Factors associated with increased rates of cirrhosis include the following:
Factors associated with increased rates of HCC include the following:
Among individuals who are not taking ART, HIV infection significantly modifies the natural history of HBV infection. HIV infection appears to increase the risk of developing chronic HBV infection after acute HBV, and it is associated with a higher level of HBV DNA replication and lower rates of spontaneous HBeAg seroconversion. In patients with chronic HBV, HIV coinfection is associated with faster progression of liver disease and cirrhosis and increased rates of liver-related deaths. Although HIV coinfection itself is not known to increase the risk of HCC development, it does increase the risk of cirrhosis, which in turn increases the risk of HCC.
Treatment of HIV infection with effective ART has increased the life expectancy of HIV-infected patients in recent years, and paradoxically has given HIV/HBV-coinfected patients a longer lifespan during which cirrhosis may develop. Partly for this reason, the relative proportion of deaths attributable to liver disease among HIV-infected patients is rising. On the other hand, ART can positively impact the natural history of HBV infection. Effective ART can improve patients' immune responses against HBV. ART also may be used to cotreat HBV in coinfected patients. Several of the nucleoside analogues (NRTIs) used against HIV also are active against HBV, and these should be included in an ART regimen to treat both HIV and HBV for coinfected persons (see "Antiviral Treatment of Chronic HBV Infection," below). Withdrawal of NRTIs with anti-HBV activity can precipitate a reactivation of HBV. ART that contains anti-HBV NRTIs also may prevent acute infections in patients who are receiving them. Current U.S. Department of Health and Human Services (DHHS) guidelines recommend initiation of ART (and cotreatment of HBV) for all persons with HIV/HBV coinfection.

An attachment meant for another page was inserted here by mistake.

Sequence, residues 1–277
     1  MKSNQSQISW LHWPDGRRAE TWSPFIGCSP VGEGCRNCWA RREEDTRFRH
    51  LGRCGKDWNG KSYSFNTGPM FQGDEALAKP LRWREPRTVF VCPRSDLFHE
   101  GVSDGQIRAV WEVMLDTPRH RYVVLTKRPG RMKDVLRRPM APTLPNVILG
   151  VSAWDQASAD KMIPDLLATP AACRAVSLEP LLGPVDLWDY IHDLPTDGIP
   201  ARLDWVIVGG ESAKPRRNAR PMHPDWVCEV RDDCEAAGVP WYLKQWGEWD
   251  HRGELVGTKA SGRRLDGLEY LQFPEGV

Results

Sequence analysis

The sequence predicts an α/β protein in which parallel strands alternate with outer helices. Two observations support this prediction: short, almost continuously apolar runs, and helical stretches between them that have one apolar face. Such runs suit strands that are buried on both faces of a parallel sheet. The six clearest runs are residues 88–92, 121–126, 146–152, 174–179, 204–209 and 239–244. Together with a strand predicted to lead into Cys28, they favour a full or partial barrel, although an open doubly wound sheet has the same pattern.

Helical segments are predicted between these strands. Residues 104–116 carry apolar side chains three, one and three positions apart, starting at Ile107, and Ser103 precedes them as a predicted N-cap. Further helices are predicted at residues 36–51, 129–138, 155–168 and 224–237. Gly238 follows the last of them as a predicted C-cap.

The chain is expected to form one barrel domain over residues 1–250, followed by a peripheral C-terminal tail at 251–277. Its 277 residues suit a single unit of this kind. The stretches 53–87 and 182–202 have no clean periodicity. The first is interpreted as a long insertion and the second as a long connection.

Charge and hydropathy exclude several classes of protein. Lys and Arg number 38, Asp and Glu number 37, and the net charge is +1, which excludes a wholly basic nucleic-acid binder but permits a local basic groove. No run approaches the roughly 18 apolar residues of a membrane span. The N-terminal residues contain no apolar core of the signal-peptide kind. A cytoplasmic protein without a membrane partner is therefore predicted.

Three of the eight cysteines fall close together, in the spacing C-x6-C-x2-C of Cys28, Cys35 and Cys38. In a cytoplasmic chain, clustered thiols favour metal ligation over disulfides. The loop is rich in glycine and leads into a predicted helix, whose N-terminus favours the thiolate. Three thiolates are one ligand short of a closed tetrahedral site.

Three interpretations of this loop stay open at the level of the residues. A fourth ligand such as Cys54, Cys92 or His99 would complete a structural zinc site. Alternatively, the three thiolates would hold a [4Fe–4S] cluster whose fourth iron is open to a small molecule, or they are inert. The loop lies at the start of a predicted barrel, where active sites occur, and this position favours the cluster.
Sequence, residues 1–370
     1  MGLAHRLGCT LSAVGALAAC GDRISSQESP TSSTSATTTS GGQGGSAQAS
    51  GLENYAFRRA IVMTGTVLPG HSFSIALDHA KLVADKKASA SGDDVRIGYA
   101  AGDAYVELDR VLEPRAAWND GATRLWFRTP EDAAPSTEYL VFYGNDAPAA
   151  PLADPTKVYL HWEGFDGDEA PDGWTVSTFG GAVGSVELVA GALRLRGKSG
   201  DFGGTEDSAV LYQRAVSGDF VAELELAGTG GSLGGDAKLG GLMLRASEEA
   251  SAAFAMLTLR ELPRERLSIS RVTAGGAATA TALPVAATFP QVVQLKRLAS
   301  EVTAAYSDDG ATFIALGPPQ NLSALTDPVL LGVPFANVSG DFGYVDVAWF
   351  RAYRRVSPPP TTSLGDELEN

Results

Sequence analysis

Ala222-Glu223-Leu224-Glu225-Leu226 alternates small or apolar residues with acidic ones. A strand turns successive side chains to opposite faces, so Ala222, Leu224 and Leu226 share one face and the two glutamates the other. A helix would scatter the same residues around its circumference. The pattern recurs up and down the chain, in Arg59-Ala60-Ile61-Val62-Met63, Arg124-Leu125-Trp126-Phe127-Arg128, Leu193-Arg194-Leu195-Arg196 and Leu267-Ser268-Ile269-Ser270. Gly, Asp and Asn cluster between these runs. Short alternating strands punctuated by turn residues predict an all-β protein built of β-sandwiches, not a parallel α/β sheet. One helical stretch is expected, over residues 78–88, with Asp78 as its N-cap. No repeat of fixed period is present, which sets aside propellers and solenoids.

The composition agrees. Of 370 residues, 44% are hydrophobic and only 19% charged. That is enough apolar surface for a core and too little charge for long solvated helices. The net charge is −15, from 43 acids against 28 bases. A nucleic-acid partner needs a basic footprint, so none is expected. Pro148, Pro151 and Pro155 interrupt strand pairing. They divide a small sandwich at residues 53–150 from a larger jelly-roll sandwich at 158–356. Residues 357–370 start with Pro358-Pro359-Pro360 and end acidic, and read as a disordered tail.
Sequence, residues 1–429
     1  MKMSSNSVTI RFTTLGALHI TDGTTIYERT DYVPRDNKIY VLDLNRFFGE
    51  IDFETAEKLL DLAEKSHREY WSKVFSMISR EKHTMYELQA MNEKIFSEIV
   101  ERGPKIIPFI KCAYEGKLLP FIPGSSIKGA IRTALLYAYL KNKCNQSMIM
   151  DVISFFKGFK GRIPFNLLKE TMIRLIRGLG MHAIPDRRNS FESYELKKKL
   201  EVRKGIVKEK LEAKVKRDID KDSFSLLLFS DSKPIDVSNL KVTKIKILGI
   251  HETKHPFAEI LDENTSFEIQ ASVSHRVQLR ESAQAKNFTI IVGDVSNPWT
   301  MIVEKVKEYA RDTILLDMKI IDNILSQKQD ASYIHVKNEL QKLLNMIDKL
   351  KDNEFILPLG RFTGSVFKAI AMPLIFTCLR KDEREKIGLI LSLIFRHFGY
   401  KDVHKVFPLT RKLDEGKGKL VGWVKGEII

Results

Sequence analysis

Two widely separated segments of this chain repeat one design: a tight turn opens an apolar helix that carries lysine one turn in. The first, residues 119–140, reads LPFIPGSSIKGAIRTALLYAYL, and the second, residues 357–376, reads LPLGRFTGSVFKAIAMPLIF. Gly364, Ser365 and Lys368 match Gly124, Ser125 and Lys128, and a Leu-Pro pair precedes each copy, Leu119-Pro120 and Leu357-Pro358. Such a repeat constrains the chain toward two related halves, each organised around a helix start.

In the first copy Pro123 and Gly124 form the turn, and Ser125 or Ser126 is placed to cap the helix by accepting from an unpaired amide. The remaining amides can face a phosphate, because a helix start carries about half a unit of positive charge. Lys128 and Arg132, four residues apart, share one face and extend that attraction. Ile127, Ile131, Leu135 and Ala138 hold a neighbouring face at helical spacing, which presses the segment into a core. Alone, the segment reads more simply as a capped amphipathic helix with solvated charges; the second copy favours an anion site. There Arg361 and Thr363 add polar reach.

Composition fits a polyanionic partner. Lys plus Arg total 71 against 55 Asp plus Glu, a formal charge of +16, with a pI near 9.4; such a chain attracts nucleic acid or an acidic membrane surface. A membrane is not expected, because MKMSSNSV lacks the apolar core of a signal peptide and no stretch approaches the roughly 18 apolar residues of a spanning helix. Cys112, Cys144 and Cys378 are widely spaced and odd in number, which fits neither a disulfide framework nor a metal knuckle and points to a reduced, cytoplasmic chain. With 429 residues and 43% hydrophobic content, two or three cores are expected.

Persons with acute HBV infection may have symptoms including fatigue, nausea, vomiting, arthralgias, fever, right upper quadrant pain, jaundice, dark urine, and clay-colored stools. Some patients may have no symptoms at all.
Persons with chronic HBV, even with early cirrhosis, may be asymptomatic or may experience only fatigue or mild right upper quadrant tenderness. Patients with decompensated cirrhosis may experience increased abdominal girth, easy bruising, telangiectasis, pruritus, gastrointestinal bleeding, or altered mentation. Patients with early or small HCC may have no additional symptoms or may develop significant abdominal pain, weight loss, nausea, or bone pain.
Ask patients with known HBV infection about symptoms that suggest complications of HBV such as cirrhosis, decompensation, risk factors for worsening liver disease, and hepatotoxins. Questions should address the symptoms listed above, and the following:
Measure vital signs.
Perform a physical examination to include evaluation of the following:
As discussed above, all HIV-infected persons should be screened for HBV surface antigen (HBsAg), HBs antibody (HBsAb), and HBV core antibody (total) (HBcAb-total) and be vaccinated if not immune (see chapter Immunizations for HIV-Infected Adults and Adolescents).
Nonimmune persons with elevated transaminases or signs or symptoms of acute or chronic liver disease should be retested for HBV and HCV infection.
Routine baseline HBV serologic screening tests for HIV-infected individuals are outlined in Table 1.